Under ‘Help and Feedback’ click ‘About Microsoft Edge’
The page that shows up will tell you if you’re on the latest version, or give you an update link to click on.
Applies To: Windows 10, Windows 8.1, Windows 8, Windows 7
Microsoft Edge (Chromium version) should just update by itself. If there’s an update ready to go, you may see an arrow over the top right hand corner ellipsis, which just means you need to restart the browser when you want the update to apply.
Bing releases a daily wallpaper that can automatically be shown on your PC. The images they use are impressive shots of nature, and it’s actually quite nice to see a new daily photo. You can download this for free directly from Microsoft at the link below.
Applies To: Windows 10, Windows Vista, Windows 8, Windows 8.1, Windows 7
The Bing Wallpaper app from Microsoft is a quick install that sits in your taskbar. On a daily basis, it will download and update your desktop wallpaper with a new nature photo.
By right-clicking on the ‘b’ in your taskbar for Bing Wallpaper, there’s a few options:
First you’ll see a description of the image and photographer. If you don’t like today’s wallpaper, you can go back through previous days to one you prefer. The enable daily refresh is on by default, but if there’s a photo you like and don’t want it to change, you can just turn that off.
It’s an easy and free way of keeping your desktop fresh, and a chance to see some awesome photography!
Device Manager is easy to find in Windows 10. You can access it by either clicking on ‘Start’ and typing ‘Device Manager’, then opening the App, or right clicking on ‘Start’ and clicking on ‘Device Manager’
Device Manager can be used to see if there are any devices detected but in an errored state, missing drivers, or to update drivers.
Applies To: Windows 10
Device Manager has been around for a long time, and is still a handy tool. When you first launch Device Manager, see if there’s any devices that have a yellow exclamation mark next to them – they should stand out very clearly, and it means there’s an issue.
To try and fix a problem with a device, there’s a few things you can try:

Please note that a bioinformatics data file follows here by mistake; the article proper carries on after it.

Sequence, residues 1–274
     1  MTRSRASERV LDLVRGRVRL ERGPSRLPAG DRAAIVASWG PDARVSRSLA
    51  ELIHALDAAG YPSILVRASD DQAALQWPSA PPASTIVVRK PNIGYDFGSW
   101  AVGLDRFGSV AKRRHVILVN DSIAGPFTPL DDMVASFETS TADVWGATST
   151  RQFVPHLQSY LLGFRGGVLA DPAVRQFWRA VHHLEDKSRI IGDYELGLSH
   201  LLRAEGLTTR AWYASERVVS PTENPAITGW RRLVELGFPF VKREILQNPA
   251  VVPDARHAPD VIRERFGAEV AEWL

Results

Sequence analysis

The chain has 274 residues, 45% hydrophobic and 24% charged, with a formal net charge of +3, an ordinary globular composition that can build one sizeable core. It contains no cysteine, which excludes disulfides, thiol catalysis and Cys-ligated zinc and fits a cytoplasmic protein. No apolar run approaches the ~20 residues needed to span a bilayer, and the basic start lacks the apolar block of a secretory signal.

Right click on the device and ‘uninstall device’. Then, click the ‘scan for hardware changes’ button which is a blue computer screen with a magnifying glass over it. This should rediscover the device and may use a better driver at time of setting up.
If that doesn’t work, right click on the device and choose ‘Update driver’. Then choose ‘Search automatically for drivers’. Usually this doesn’t find anything new, but you can then choose the ‘Search for updated drivers on Windows Update’ option which will take you to Windows Update in Settings, where you can click ‘check for updates’. Some driver updates are available through this method. If that doesn’t work, go to the manufacturer’s website of the device and look for drivers to download there – they usually are bundled with an installer that you can run.
If all that fails, you’ve got a bit of a problem. For USB connected devices, try a different port, different cable or even a different computer – if you can prove it works on another computer, then you know the device itself is OK. If it doesn’t work elsewhere, it could be an old device not supported on Windows 10 (particularly if you’re now running a 64 bit Operating System) and the manufacturer only ever created 32 bit drivers.
Otherwise, start searching on Google or Bing with details of your problem and the device in question, and see if anyone’s got a suggestion specific to that bit of hardware.
If you’re worried about your CPU overheating – the maximum CPU temperature really depends on the CPU. Look up what the ranges for your CPU are; CPUTemper have a good list here, or go to the manufacturer’s specifications: